Join me on an adventure in discovering how to use scripts to open nearly every single aspect of the macOS System Preferences Pane!

Mac admins and developers may at some point in their careers find themselves needing to script the opening of macOS System Preferences panes, either for automation or other tasks like presenting a specific pane to a user to click or configure.

The URL Scheme introduced in 10.10 (and refined/restricted in 10.11) makes it easy to not only open specific System Preference Panes, but to deep link to specific sections of those panes with precision. Apple seems to be adding new urls and anchors to System Preferences with each macOS release, so this will continue to be a useful tool to have in your macadmin tool belt.

So how can you automatically open specific System Preferences panes in your scripts? I’m glad you asked! Let’s dive in…

Continue reading Scripting System Preferences Panes

The open command

It’s time for adventures in the open command!

Most admins know the open command. They’ll use it in bash scripts or as part of an item in Self Service to open a file, an application, a URL, or a System Preference Pane (among other things). However there are quite a few additional features beyond the surface level open command that a lot of admins aren’t aware of, so I’d like to share those with you now.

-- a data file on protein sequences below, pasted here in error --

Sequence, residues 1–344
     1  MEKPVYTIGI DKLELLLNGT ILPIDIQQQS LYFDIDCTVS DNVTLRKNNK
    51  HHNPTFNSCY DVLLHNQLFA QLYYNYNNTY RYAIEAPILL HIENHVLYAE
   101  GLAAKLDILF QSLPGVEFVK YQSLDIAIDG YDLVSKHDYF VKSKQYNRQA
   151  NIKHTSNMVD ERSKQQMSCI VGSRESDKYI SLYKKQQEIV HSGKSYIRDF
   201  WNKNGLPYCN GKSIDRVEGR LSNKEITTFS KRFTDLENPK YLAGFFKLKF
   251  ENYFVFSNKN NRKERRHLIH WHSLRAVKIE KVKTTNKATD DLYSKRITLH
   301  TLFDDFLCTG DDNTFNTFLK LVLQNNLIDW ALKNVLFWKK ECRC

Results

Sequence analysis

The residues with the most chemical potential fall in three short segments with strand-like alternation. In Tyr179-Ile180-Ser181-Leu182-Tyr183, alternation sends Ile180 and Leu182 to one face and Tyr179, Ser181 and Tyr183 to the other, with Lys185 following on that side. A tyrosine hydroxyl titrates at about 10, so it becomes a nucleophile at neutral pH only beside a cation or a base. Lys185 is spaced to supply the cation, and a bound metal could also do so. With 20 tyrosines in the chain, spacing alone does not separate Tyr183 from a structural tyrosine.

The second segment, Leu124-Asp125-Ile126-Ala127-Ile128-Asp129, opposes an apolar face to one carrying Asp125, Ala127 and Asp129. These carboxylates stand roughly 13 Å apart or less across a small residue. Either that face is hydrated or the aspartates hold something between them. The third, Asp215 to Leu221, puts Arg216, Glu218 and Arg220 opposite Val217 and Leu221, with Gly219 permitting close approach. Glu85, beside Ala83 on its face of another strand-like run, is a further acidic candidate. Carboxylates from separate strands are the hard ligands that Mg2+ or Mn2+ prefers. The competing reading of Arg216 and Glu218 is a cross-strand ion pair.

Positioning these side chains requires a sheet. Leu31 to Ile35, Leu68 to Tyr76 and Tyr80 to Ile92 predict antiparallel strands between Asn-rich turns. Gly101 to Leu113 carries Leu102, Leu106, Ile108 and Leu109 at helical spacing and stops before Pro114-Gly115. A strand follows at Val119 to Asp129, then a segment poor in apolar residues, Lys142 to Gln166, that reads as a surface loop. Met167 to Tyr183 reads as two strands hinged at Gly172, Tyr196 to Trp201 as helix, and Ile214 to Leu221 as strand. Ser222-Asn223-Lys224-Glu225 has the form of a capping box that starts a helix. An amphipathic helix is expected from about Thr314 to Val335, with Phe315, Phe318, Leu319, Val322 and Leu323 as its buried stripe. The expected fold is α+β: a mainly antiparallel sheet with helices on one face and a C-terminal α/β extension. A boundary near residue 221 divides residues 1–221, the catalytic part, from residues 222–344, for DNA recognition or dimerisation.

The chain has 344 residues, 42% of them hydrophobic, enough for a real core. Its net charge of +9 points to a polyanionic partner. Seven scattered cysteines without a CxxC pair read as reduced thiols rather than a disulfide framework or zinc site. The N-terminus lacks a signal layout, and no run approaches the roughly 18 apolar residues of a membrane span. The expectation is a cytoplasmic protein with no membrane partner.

Let’s take a look at a few basic examples of the open command below:

open /path/to/file.pdf

open "/Applications/Brave"


System Preference Pane
open "/System/Applications/System"

As Brett Terpresta points on this excellent post, there’s a host of extra options and flags available when using the open command.

Let’s say you want to open a file or a url with a specific app. Maybe you have an internal company url that only works with Chrome and you want to make sure that your script or Self Service item that opens that site always opens in the Chrome browser. Or perhaps you’re deploying a pdf with certain features that only work inside of Adobe Acrobat Reader. You can use the -a flag to specify a specific application by name or -b to specify a specific application by its bundle identifier.

Let’s expand on a few of our original examples:

open -a "Adobe Acrobat Reader DC" /path/to/file.pdf
open -b com.adobe.Reader /path/to/file.pdf

open -a "Brave Browser"
open -b

In the examples above, I can make sure that the PDF I am opening doesn’t default to the macOS, but instead Adobe Acrobat Reader. Or in the case of urls, I can’t specifically open the url in Brave Browser or Safari simply by calling on the application name or bundle id.

Unsure how to find an app’s bundle identifier? Open Terminal and type:
codesign -dr - /Applications/ to get it's identifier.

$codesign -dr - /System/Volumes/Data/Applications/Brave\

Executable=/System/Volumes/Data/Applications/Brave Browser
designated => identifier "com.brave.Browser" and anchor apple generic and certificate 1[field.1.2.840.113635.] /* exists */

In the example above, I can see that com.brave.Browser is the bundle identifier.

These are some useful tricks that mac admins can leverage to add application specificity to their scripts when opening files or URLS. There’s a few other tricks that Brett covers, so be sure to go check out his post.